Strategic Asset Allocation (SAA)
Strategic asset allocation is a portfolio strategy whereby the investor sets target allocations for various asset classes and rebalances the portfolio periodically.
The target allocations are based on factors such as the investor’s risk tolerance, time horizon, and investment objectives.
The portfolio is rebalanced when the original allocations deviate significantly from the initial settings due to differing returns.
In strategic asset allocation, the target allocations depend on several factors: the investor’s risk tolerance, time horizon, and investment objectives. Also, the allocations may change over time as the parameters change. Strategic asset allocation is compatible with a buy-and-hold strategy as opposed to tactical asset allocation, which is more suited to an active trading approach. Strategic and tactical asset allocation styles are based on modern portfolio theory, which emphasizes diversification to reduce risk and improve portfolio returns.
Suppose 60-year-old Mr. Sharma, who has a conservative approach to investing and is five years away from retirement, has a strategic asset allocation of 40% equities / 40% fixed income / 20% cash. Assume Mr. Sharma has a $500,000 portfolio and rebalances her portfolio annually. The dollar amounts allocated to the various asset classes at the time of setting the target allocations would be equities Rs. 2,00,000, fixed income Rs. 2,00,000, and cash Rs. 1,00,000.
In one year’s time, suppose the equity component of the portfolio has generated total returns of 10% while fixed income has returned 5% and cash 2%. The portfolio composition is now equities Rs. 2,20,000, fixed income Rs. 2,10,000, and cash Rs. 1,02,000.
The portfolio value is now Rs. 5,32,000, which means the overall return on the portfolio over the past year was 6.4%. The portfolio composition is now equities 41.3%, fixed income 39.5%, and cash 19.2%.
Based on the original allocations, the portfolio value of Rs. 5,32,000 should be allocated as follows: equities Rs. 2,12,800, fixed income Rs. 2,12,800, and cash Rs. 1,06,400.
Tactical Asset Allocation
Tactical asset allocation is an active management portfolio strategy that shifts the percentage of assets held in various categories to take advantage of market pricing anomalies or strong market sectors. This strategy allows portfolio managers to create extra value by taking advantage of certain situations in the marketplace. It is a moderately active strategy since managers return to the portfolio's original asset mix once reaching the desired short-term profits.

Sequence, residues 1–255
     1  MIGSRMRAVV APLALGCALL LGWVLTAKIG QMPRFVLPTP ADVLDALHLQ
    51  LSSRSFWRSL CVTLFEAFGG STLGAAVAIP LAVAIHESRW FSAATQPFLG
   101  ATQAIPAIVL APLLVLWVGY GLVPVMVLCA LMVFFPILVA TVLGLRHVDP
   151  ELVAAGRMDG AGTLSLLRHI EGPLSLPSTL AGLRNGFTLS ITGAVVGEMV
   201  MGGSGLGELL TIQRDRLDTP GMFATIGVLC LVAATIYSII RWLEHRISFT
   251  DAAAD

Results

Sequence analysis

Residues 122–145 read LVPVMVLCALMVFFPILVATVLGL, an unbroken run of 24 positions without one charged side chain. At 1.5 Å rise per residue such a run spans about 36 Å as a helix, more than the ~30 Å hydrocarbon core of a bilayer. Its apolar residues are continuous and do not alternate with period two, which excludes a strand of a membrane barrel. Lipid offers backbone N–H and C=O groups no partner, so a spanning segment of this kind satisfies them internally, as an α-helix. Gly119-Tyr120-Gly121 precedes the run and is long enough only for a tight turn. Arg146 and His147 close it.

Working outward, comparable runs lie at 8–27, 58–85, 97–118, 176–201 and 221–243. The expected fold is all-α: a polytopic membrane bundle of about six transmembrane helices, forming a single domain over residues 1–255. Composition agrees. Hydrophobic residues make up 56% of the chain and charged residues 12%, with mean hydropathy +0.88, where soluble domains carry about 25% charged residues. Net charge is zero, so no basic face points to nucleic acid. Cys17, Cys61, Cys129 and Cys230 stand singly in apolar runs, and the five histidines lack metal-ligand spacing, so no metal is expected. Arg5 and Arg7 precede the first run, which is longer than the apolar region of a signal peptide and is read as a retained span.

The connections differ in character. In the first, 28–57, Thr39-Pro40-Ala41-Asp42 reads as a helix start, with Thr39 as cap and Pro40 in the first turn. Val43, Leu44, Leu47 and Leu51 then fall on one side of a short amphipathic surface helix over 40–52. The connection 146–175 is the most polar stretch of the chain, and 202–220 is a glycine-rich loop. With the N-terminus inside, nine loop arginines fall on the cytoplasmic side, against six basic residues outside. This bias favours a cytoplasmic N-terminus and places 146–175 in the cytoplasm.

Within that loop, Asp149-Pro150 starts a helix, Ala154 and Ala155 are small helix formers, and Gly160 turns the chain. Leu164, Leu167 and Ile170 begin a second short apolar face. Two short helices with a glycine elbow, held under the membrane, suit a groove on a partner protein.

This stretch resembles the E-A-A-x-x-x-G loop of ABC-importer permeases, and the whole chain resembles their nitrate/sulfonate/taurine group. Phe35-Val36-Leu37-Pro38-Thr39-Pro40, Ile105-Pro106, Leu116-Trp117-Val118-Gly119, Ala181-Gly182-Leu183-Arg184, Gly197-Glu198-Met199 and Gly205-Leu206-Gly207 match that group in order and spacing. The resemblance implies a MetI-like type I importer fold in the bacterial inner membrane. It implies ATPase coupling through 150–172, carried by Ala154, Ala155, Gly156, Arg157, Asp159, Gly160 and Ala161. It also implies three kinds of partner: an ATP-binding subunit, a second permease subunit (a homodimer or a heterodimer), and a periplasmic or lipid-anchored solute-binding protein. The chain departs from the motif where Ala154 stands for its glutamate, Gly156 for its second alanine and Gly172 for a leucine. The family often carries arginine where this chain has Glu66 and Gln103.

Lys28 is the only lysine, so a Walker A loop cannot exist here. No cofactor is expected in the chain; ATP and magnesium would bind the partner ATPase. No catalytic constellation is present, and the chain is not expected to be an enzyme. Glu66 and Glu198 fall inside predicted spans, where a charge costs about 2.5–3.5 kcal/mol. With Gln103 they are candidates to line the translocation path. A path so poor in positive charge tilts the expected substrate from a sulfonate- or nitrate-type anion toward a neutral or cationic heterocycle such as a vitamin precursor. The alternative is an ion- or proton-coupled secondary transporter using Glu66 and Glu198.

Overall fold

Tactical asset allocation is the process of taking an active stance on the strategic asset allocation itself and adjusting long-term target weights for a short period to capitalize on the market or economic opportunities. For example, assume that data suggests that there will be a substantial
increase in demand for commodities over the next 18 months. It may be prudent for an investor to shift more capital into that asset class to take advantage of the opportunity.
Tactical asset allocation is different from rebalancing a portfolio. During rebalancing, trades are made to bring the portfolio back to its desired strategic asset allocation. Tactical asset allocation adjusts the strategic asset allocation for a short time, with the intention of reverting to the strategic allocation once the short-term opportunities disappear.
TAA strategies may be either discretionary or systematic. In a discretionary TAA, an investor adjusts asset allocation, according to market valuations of the changes in the same market as the investment. An investor, with substantial stock holdings, for instance, may want to reduce these holdings if bonds are expected to outperform stocks for a period. Unlike stock picking, tactical asset allocation involves judgments on entire markets or sectors. Consequently, some investors perceive TAA as supplemental to mutual fund investing.
Conversely, a systematic tactical asset allocation strategy uses a quantitative investment model to take advantage of inefficiencies or temporary imbalances among different asset classes. These shifts use a basis of known financial market anomalies, or inefficiencies, backed by academic and practitioner research.